Research suggests a pharmacist-led approach can cut unneeded antibiotic use—especially at small community hospitals.
The study, which included four community hospitals in North Carolina, demonstrated an approach that could expand to the nation’s wider network of small hospitals, where more than half of the US population receives care.
“This is a matter of major consequence, because up to 50% of antibiotic use in our study was inappropriate, meaning there was a better choice or the prescription was simply unnecessary,” says Deverick Anderson, director of the Duke Center for Antimicrobial Stewardship and Infection Prevention and lead author of the paper in JAMA Network Open.
“We have to develop systems that are scalable and effective in helping reduce the improper or needless use of antibiotics at every level,” Anderson says, noting that overuse of these critical drugs has led to the spread of deadly superbugs that are resistant to previously effective treatments.
Anderson and colleagues partnered with the community hospitals in North Carolina to explore how best to perform active, CDC-recommended stewardship interventions using existing hospital resources.
The researchers tested two strategies using hospital pharmacists as designated stewards. One strategy enlisted pharmacists as the gatekeepers for antibiotic use, giving pre-approval to doctors before the doctors could prescribe the drugs to patients.
Researchers quickly determined this pre-approval aspect was too difficult, because doctors wanted the flexibility and autonomy to manage their patients. Instead, they adopted a modified approach, in which doctors could prescribe the first dose of antibiotic, which a pharmacist then reviewed.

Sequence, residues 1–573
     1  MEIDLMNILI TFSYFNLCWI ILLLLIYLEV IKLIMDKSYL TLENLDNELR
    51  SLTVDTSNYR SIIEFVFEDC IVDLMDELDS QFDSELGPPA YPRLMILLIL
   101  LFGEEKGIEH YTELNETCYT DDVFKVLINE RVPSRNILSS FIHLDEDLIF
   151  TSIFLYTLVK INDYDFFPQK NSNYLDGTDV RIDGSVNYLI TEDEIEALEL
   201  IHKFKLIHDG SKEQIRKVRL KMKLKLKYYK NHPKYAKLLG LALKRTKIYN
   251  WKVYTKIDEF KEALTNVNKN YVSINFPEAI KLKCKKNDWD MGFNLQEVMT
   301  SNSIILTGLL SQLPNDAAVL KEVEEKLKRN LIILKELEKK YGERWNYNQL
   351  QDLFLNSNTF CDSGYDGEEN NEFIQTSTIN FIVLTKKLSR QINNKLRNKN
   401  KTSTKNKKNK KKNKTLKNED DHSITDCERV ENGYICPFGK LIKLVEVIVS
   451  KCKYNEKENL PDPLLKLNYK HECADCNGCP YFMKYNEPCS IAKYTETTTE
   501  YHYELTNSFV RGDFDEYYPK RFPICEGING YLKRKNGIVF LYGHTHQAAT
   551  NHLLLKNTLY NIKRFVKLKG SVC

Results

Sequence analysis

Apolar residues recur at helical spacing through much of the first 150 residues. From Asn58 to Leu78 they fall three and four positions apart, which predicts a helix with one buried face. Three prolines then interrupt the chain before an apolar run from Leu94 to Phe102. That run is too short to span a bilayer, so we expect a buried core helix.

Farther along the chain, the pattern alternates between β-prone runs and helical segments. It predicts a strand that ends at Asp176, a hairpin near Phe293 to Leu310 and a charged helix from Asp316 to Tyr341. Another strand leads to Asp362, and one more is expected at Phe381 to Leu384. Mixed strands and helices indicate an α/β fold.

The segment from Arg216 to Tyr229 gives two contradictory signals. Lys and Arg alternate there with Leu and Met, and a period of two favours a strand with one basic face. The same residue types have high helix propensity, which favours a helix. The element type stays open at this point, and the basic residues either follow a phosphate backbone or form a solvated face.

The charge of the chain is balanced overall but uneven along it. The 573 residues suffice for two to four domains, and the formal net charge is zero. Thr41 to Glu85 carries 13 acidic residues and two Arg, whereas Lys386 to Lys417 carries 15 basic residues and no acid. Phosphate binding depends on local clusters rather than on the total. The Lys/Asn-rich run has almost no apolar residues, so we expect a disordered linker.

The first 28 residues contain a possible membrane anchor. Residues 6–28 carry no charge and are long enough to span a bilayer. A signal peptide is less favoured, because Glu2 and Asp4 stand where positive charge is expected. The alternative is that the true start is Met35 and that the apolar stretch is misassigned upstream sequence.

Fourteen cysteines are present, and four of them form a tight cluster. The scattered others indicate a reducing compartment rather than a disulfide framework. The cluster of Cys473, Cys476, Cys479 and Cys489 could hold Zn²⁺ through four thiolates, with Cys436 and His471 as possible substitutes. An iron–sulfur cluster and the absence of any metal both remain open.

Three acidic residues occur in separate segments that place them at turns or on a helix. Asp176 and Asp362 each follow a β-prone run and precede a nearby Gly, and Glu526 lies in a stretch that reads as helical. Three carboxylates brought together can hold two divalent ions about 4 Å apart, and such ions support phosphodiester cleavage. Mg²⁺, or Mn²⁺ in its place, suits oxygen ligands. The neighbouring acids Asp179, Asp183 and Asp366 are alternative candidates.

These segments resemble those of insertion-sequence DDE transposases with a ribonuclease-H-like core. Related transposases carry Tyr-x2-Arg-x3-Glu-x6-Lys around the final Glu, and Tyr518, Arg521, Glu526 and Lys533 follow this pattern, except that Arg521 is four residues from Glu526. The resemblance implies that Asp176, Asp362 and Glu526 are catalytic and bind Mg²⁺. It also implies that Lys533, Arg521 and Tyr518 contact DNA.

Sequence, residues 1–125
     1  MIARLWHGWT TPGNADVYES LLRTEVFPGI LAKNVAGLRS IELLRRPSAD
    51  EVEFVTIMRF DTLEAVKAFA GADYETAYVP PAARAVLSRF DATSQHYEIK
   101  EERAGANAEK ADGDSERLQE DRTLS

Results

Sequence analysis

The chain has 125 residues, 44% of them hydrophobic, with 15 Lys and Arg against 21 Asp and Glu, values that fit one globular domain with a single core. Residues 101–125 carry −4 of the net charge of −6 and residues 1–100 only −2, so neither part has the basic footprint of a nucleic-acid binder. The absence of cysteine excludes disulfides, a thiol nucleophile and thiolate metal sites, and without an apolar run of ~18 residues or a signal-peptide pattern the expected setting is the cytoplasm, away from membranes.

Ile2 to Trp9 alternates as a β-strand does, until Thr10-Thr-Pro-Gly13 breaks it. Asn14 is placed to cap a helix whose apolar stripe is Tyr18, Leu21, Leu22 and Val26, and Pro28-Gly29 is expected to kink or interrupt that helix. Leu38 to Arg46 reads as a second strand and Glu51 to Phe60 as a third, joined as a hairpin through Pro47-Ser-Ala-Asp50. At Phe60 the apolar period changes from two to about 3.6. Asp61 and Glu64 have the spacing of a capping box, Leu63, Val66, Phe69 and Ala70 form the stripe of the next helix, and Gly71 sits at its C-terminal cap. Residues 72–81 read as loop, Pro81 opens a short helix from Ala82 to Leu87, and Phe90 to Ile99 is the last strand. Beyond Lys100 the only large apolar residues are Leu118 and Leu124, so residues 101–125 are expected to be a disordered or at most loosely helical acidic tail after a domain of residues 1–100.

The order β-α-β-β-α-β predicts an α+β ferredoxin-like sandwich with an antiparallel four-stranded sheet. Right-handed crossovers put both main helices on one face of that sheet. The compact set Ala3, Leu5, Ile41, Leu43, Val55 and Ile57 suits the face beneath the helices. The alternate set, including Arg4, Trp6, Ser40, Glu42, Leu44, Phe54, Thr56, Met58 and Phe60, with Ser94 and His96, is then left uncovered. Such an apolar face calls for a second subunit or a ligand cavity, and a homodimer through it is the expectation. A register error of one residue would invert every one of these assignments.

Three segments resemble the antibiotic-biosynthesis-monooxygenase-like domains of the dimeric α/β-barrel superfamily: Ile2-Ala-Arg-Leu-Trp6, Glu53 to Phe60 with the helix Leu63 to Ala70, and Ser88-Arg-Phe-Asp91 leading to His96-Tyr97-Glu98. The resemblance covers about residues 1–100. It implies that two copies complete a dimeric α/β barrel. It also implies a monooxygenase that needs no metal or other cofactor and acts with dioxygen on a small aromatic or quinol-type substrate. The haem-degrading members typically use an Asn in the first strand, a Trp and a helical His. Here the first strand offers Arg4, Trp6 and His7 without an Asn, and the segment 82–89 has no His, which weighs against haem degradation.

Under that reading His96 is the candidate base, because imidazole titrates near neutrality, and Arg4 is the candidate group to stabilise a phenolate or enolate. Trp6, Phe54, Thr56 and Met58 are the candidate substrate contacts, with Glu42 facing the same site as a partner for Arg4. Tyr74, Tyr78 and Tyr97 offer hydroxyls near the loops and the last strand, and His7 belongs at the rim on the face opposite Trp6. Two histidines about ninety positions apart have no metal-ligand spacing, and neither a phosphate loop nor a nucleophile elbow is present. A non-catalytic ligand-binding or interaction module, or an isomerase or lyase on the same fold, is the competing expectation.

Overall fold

The second tested strategy involved a post-prescription audit, where pharmacists reviewed the effectiveness of the antibiotic to determine whether a patient should continue taking it or receive something different after taking it for three days.
All four hospitals participated in both interventions for six months. Nearly 2,700 patients participated.
Audits and antibiotic use
The findings show that pharmacists at the four participating hospitals performed 1,456 modified prescription approvals and 1,236 post-prescription audits. Study antimicrobials were determined to be inappropriate two times as often under the post-prescription audit strategy compared to the modified pre-approval strategy.
Overall antibiotic utilization decreased under the audit system compared to historical controls, but the modified prescription authorization intervention did not reduce the use of antibiotics.
“Even modest decreases in antimicrobial utilization are valuable, particularly when potentially achievable in the more than 3,000 community hospitals in the US,” Anderson says. “This study suggests there are approaches that can work, even in hospitals where resources might be limited.”
The National Institute of Allergy and Infectious Diseases, part of the National Institutes of Health, supported the work.
Source: Duke University